23. A method for analyzing non-metallic inclusions in a weld metal comprising: a) polishing at least a portion of a weld bead or sample of a weld bead; b) etching said polished weld bead or weld bead sample in an acid solution, said acid solution substantially non-reactive to a majority of said non-metallic inclusions in said weld bead or weld bead sample; c) washing said etched weld bead or weld bead sample to at least partially remove residual etching solution on weld bead or weld bead sample; d) at least partially drying said etched weld bead or weld bead sample; e) at least partially coating said etched weld bead or weld bead sample with a conductive material; f) applying a first side of a conductive tape to at least a portion of said conductive material coated on said etched weld bead or weld bead sample; g) removing said conductive tape from said conductive material coated on said etched weld bead or weld bead sample, said first side of said conductive tape including a plurality of non-metal inclusions that were formerly on said etched weld bead or weld bead sample; h) orienting said conductive tape on a substrate such that said first side of said conductive tape is placed facing upwardly; and, i) analyzing said non-metal inclusions on said conductive tape.

24. The method as defined in claim 23, wherein said polishing step includes forming about a 0.1-2 micron finish on a top surface of said weld bead or weld bead sample.

25. The method as defined in claim 23, wherein said acid solution includes hydrochloric acid and methanol, acid solution including about 2-15 percent by volume hydrochloric acid.

26. The method as defined in claim 23, wherein said conductive material includes carbon.

27. The method as defined in claim 26, wherein said conductive material is at least partially applied to said etched weld bead by sputter coating.

28. The method as defined in claim 23, wherein said step of analyzing includes use of a SEM.

Description:

The present invention is directed to metal analysis, and more particularly to analysis of inclusions in a metal material, even more particularly to a method for analyzing non-metal inclusions in a weld metal, and still even more particularly to a method for removing non-metallic inclusions from weld metal.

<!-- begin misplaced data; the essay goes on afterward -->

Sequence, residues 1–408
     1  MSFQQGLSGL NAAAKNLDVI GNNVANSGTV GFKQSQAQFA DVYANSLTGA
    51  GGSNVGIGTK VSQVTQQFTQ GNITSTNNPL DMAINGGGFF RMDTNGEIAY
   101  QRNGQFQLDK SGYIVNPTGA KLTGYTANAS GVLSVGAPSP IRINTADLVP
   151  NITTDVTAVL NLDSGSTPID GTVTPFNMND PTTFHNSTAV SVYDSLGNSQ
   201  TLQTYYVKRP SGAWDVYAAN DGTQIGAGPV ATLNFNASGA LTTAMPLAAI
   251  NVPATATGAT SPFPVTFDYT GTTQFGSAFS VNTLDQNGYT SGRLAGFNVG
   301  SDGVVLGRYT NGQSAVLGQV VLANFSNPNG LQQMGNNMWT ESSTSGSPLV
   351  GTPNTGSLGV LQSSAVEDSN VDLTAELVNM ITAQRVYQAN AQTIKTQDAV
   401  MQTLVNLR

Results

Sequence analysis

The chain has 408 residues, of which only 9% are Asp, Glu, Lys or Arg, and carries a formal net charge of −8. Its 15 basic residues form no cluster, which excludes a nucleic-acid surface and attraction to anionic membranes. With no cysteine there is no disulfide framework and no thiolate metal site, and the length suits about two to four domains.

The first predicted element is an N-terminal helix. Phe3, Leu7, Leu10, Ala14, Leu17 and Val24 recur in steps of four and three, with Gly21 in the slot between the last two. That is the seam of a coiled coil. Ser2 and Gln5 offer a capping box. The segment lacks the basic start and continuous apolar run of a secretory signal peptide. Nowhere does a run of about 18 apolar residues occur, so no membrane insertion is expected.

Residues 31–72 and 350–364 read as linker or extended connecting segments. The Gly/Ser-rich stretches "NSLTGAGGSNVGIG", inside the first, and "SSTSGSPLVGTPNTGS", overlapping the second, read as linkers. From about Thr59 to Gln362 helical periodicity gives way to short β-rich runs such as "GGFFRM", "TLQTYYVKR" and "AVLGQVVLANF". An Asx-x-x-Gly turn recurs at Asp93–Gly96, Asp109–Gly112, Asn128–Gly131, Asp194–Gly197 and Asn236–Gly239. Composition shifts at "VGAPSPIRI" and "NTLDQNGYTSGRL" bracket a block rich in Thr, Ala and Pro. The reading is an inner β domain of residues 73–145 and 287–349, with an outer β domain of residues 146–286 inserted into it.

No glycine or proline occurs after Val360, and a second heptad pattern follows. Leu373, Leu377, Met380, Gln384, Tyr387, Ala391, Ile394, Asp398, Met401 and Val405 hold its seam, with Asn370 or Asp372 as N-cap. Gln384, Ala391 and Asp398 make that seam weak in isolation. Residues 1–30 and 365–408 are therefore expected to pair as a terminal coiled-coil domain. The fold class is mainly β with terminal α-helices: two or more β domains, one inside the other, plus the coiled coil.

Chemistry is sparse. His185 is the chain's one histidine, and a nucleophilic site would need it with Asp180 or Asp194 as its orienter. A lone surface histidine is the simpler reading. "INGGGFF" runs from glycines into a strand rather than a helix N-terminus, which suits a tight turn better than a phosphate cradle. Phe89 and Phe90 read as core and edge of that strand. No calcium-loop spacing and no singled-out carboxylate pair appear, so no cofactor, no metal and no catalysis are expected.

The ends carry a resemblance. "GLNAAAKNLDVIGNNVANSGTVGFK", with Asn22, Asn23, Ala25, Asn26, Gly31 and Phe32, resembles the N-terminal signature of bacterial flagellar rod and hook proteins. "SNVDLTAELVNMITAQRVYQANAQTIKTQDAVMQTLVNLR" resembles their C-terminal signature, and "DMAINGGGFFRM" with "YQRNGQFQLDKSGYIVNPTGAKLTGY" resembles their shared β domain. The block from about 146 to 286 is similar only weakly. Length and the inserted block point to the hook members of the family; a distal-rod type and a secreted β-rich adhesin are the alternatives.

BACKGROUND OF THE INVENTION

A weld bead that is formed on a metal workpiece typically includes a number of non-metal inclusions. These non-metal inclusions can negatively interfere with the quality and strength of the weld bead. In some instances, these non-metallic inclusions can increase the incidence of fracturing of the weld bead. As a result, weld bead analysis is commonly conducted on weld bead samples to determine the quality of the formed weld bead.

There are a variety of techniques that have been used to determine the number, type and size of non-metallic inclusions in a metal material. Examples of these techniques include 1) polishing followed by microscopic analysis; 2) ultrasonic analysis; 3) X-ray analysis; 4) magnetic analysis; 5) spark discharge analysis, etc. Several of these techniques are disclosed in Patent and Publication Nos. US 2004/0176210; U.S. Pat. No. 6,555,063; U.S. Pat. No. 6,014,024; JP 2004-177168; JP 9-43152; JP 9-33516; and JP 8-184537, all of which are incorporated herein by reference.

The most common technique for analyzing non-metallic inclusions in weld samples involves the extraction of such non-metallic inclusions from the weld samples. The traditional method of non-metallic inclusion extraction involves etching the weld bead with a 5% solution of nitric acid in methanol (nital), lightly coating the etched weld bead with carbon, and then electro-etching the carbon coated weld bead with a 5% solution of methanol and hydrochloric acid. During the electro-etching process, the weld metal beneath the layer of carbon is removed by the hydrochloric acid resulting in the carbon film floating to the surface of the electro-etching solution. The carbon film is caught on a copper grid for later analysis. One of the principal drawbacks of this process is that as the carbon film is caught on the copper grid, the carbon film may not be in the proper orientation on the copper grid to observe the non-metallic inclusions that have adhered to the carbon film surface. As such, when the carbon film is examined and viewed by scanning electron microscopy (SEM), the side of the carbon film that includes the non-metallic inclusions may not be properly oriented, thus imaging of the non-metallic inclusions on the carbon layer can be poor. The thickness of the carbon film can also adversely affect the images of the non-metallic inclusions on the carbon film. Other drawbacks to this method of analyzing non-metallic inclusions in weld metal are that the technique is very time consuming, and requires significant skill in handling the delicate carbon film.

In view of the current state of the art for analyzing non-metallic inclusions in weld metal, there is a need for a method that removes non-metallic inclusions from a metal material that is simpler and less time consuming, and which results in better imaging ofthe non-metallic inclusions.

SUMMARY OF THE INVENTION